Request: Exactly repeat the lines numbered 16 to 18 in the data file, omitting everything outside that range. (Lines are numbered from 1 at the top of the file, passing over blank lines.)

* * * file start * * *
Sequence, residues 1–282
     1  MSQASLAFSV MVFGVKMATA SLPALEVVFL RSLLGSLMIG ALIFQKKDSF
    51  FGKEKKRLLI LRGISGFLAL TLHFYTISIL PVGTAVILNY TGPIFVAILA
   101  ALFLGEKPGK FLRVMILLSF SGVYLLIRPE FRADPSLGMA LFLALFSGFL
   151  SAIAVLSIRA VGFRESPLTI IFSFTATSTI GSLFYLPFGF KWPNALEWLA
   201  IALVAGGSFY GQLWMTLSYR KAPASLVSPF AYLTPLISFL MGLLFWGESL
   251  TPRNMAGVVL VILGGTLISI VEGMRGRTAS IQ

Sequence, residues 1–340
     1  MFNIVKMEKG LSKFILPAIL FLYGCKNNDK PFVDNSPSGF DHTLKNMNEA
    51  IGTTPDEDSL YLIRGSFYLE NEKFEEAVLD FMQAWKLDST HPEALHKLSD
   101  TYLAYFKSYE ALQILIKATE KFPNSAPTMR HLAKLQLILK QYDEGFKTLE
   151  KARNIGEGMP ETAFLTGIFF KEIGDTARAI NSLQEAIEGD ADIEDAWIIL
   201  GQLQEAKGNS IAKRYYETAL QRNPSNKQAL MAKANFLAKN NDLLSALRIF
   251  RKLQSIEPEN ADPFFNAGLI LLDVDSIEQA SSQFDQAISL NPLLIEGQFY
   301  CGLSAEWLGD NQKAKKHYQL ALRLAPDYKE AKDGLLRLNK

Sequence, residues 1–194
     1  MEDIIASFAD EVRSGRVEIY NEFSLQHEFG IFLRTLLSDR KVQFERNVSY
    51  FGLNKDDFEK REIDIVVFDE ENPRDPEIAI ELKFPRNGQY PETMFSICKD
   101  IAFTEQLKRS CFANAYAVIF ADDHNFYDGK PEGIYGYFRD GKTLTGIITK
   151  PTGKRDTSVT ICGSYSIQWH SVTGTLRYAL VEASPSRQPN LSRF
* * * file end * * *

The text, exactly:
Sequence, residues 1–194
     1  MEDIIASFAD EVRSGRVEIY NEFSLQHEFG IFLRTLLSDR KVQFERNVSY
    51  FGLNKDDFEK REIDIVVFDE ENPRDPEIAI ELKFPRNGQY PETMFSICKD